According to the victim’s lawyers, a $25 million settlement has been reached between a North Carolina community and the state of North Carolina over a complaint that accused authorities of malfeasance. After serving 44 years, a man was finally released after a wrongful conviction.
A formal public apology was issued from Concord for its involvement in the Ronnie Wallace case. The settlement would culminate the wrongful imprisonment complaint that Long’s lawyers had filed in 2021.
Long was a young man living in Concord, North Carolina, when he was accused of raping a white woman. In 1976, a jury in Cabarrus County that was entirely white convicted Long. At the age of twenty-one, Long received two life sentences.
The wrongful convictions clinic at Duke University’s law school helped Long with his appeal.
There was never a match between Long’s fingerprint and the forty others collected from the site. He also never had the chance to provide semen samples to his legal team.
As part of his plea for relief, a federal appeals court gave Long a second hearing in August 2020. Governor Roy Cooper completely pardoned him later that year.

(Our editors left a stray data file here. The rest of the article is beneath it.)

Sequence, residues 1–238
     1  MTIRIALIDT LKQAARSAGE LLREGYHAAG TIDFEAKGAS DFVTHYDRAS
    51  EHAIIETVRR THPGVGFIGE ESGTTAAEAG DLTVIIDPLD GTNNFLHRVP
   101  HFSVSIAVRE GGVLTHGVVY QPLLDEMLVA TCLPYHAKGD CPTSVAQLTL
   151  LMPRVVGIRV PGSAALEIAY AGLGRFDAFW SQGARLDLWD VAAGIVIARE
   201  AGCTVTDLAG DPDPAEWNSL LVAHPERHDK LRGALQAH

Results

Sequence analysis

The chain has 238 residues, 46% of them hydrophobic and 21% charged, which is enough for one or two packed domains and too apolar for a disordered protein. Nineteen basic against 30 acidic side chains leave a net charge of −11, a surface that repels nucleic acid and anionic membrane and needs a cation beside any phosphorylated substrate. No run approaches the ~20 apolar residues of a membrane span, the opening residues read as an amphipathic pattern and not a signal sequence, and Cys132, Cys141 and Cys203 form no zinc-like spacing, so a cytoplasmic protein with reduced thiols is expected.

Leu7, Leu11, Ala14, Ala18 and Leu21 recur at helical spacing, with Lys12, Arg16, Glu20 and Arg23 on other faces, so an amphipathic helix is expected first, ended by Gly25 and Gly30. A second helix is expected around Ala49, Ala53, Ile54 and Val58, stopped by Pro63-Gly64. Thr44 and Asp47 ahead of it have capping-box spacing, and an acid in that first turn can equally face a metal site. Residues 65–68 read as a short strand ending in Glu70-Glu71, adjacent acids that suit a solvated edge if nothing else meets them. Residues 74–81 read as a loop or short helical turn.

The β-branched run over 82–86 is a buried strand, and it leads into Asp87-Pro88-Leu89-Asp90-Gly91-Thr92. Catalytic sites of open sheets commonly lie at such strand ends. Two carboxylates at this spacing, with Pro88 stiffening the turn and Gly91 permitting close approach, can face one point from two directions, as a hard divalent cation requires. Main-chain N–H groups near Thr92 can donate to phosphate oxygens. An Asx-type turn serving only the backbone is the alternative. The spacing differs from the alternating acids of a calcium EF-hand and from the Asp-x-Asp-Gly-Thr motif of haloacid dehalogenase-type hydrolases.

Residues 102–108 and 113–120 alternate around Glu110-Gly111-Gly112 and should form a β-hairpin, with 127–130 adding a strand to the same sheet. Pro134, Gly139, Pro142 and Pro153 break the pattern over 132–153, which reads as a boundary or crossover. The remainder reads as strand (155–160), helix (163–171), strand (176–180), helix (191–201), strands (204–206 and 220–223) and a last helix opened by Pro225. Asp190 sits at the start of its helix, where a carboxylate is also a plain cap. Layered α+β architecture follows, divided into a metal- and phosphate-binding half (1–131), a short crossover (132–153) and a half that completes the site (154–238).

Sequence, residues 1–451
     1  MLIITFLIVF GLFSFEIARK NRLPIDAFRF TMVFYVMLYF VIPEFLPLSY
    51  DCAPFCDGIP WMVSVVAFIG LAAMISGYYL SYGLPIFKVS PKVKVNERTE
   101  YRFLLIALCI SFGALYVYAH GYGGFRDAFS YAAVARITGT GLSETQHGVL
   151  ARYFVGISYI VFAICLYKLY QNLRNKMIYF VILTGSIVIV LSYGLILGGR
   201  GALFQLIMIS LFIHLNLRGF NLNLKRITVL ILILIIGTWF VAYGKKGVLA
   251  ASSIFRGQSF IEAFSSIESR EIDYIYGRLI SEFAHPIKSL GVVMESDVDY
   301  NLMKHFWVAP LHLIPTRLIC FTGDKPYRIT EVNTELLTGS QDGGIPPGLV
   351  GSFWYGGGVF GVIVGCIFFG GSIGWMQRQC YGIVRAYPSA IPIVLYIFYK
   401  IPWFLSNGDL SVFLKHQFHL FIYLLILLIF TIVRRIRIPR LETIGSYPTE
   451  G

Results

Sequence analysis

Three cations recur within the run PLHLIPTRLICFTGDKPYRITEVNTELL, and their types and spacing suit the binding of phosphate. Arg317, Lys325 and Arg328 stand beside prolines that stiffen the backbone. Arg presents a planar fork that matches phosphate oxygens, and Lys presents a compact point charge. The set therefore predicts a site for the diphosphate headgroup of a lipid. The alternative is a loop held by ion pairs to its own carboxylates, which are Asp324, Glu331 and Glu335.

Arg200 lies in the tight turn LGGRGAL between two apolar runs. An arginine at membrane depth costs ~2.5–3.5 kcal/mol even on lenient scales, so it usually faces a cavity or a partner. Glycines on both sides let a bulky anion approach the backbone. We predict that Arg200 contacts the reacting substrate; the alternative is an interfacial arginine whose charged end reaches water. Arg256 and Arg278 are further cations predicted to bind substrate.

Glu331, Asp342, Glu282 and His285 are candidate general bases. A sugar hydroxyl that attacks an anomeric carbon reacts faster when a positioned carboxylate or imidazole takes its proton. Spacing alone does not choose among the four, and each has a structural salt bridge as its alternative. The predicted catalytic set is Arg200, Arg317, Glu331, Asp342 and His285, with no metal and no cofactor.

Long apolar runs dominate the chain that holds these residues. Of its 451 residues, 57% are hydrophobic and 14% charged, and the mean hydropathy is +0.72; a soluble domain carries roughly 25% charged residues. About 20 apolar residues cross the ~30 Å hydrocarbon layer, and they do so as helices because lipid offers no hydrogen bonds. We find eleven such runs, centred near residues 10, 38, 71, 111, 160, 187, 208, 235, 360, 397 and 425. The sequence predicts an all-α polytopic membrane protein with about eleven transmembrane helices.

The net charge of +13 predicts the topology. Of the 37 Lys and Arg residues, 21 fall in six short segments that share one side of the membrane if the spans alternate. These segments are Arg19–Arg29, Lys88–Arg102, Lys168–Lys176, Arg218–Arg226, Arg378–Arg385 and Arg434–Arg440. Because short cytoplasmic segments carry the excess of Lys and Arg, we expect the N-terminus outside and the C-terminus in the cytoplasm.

A state commission eventually awarded Long $750,000, the maximum sum that states may pay to victims of wrongfully incarcerated individuals. This decision was made a few months later.
He went on to sue the Concord police in Raleigh federal court, stating that their “exceptional misconduct” led to his wrongful conviction and incarceration and that this “violated his fundamental rights.”
Long received an extra $3 million from the State Bureau of Investigation as part of the settlement.
“We “acknowledge and take responsibility for the grave errors in judgment and purposeful wrongdoing by former municipal workers that contributed to Long’s unjust conviction and incarceration,” Concord authorities said on Tuesday.
The monetary compensation is “one of the biggest wrongful conviction settlements” in the nation.